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A brilliant end-of-the-disco-era record, and the most influential record that Nile, Bernard and Tony ever recorded. The instrumentation directly spawned "Rapper's Delight" (and, arguably, all of rap music), and made Chic impersonations the soul music trend-of-choice for the first few years of the '80s.
|Posted: 12 October 2014 at 4:46pm | IP Logged
LP version (runs between 8:06 and 8:13)
The first appearance on CD of the LP version is on Atlantic's Dance Dance Dance (1991), where it runs 8:13. Unfortunately, the sound here is pretty bad. There's a significant tape azimuth alignment problem between the left and right channels, which screws up the soundstage pretty badly and makes it sounds warbly when summed to mono. It looks like the left channel is delayed by about five samples, compared to the left channel. I guess one could adjust the left/right channels to fix the five-sample delay, but it doesn't sound like these are very good source tapes to begin with. There are three digital clones on the promo CD Atlantic And Atco Sampler 2 (1991), Rhino's Everybody Dance (1995) and Flashback's cheapie Dance Dance Dance And Other Hits (1997). Avoid all of these.
Much, MUCH better is Rhino's Street Jams Back 2 The Old Skool Part 3 (1996), which runs 8:06. The difference in timing is from a slightly shorter tail on the fade, but really not much is happening in the song at this point. The sound on Street Jams is great, with none of the left/right problems of the earlier discs. There's a tiny amount of clipping, but it still sounds great.
45 edit (runs 3:43)
The first appearance of the 45 edit was Atlantic's Golden Age Of Black Music 1977-1988 (1988). Sound is pretty nice, with a reasonable EQ, plenty of dynamic range, and no evidence of noise reduction on the fade.
There was a different analog transfer used for Silver Eagle/Warner Special Products' 2-CD Dancin' The Night Away (1988). The EQ is a little bass-heavy, but otherwise it has plenty of dynamic range and no NR. There are plenty of discs that use the same analog transfer as Dancin', most of which have very different EQs than Dancin':
Bill Inglot did a new analog transfer for Rhino's Disco Years Vol. 4 (1992). Fabulous sound, but with the usual Rhino high-end EQ boost. The same analog transfer is used for:
- Time-Life's Sounds Of The Seventies Vol. 9 1979 (1990; differently EQ'd digital clone)
- Warner Special Products' 2-CD Good Times (1991; differently EQ'd digital clone)
- Warner Special Products' 2-CD 40 Summer Fun Hits (1993)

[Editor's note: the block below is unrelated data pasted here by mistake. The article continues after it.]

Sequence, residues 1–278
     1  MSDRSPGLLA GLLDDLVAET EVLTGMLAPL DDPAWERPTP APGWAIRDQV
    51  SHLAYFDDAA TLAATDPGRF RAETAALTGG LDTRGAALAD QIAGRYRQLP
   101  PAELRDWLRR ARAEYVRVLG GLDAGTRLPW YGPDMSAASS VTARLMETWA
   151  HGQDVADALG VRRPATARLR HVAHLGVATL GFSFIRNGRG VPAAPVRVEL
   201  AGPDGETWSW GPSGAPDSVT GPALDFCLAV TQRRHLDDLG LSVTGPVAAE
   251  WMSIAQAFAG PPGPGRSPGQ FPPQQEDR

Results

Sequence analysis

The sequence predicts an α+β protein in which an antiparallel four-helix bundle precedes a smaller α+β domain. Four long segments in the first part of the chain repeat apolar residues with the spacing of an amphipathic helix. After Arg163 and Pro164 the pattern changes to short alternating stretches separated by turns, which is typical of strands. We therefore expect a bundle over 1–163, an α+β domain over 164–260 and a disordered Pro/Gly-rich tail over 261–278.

- JCI's Only Dance 1975-1979 (1995)
- Warner Special Products' Eighteen Disco Superhits (1996)
- PolyGram's Pure Funk Vol. 1 (1996; differently EQ'd digital clone of Only Dance 1975-1979)
- Time-Life's Sounds Of The Seventies Vol. 48 '70s Dance Party 1979 (1990; digitally identical to the other Sounds Of The Seventies disc)
Ace UK's 2-CD Sampled Vol. 1 (2000) clips severely and fades a few seconds early. Avoid.
- Rhino's cheapie Disco Hits Vol. 3 (1992; digitally exactly 0.239 dB quieter)
- Warner Special Products' 2-CD Disco Collection (1993)
- Time-Life's AM Gold Vol. 26 1979 (1997; digitally identical)
- Time-Life's Solid Gold Soul Vol. 15 1979 (1997; differently EQ'd digital clone)
- Time-Life's Body And Soul Ladies Got Soul (2002; differently EQ'd digital clone)
- TM Century's GoldDisc 7504 (sounds like it has added compression/limiting or noise reduction?)
If, for some reason, you want to duplicate the 45 edit, here are the edit points using Street Jams Back 2 The Old Skool Part 3 as the source:
351 beats long (start counting on the downbeat following the whoosh intro), begins on downbeat, ends on snare
Extends from 0:00.0 to 3:12.1 of the 45 edit (on Disco Years)
Extends from 0:00.0 to 3:12.0 of the LP version (on Street Jams)
Remove the 224 beats of instrumental greatness from 3:12.0 to 5:13.7 of the LP version (on Street Jams).
57 beats long, begins on snare, ends on downbeat
Extends from 3:12.1 to 3:42.9 of the 45 edit (on Disco Years)
Extends from 5:13.7 to 5:44.6 of the LP version (on Street Jams)
24 beats long
Extends from 3:29.9 to 3:42.9 of the 45 edit (on Disco Years)
Extends from 5:31.6 to 5:44.6 of the LP version (on Street Jams)
I noticed that the reprised verse near the end of the LP version ("A rumor has it that it's getting late") is repeated, cut-and-paste, from the first portion of the song. For what it's worth.
The version on Rebound's Disco Nights Vol. 4 Greatest Disco Groups (1994) is sped up by about 2%. I found an edit and 3:18, then gave up. The last half of this version is the chorus, looped. It's not a version that was released in 1979, and it runs way too fast. Avoid.
I prefer the LP version on Rhino's Street Jams Back 2 The Old Skool Part 3 (1996).
I prefer the 45 edit on Rhino's Disco Years Vol. 4 (1992).
Edited by crapfromthepast on 13 October 2014 at 7:38am
There's a lot of crap on the radio, but there's only one Crap From The Past.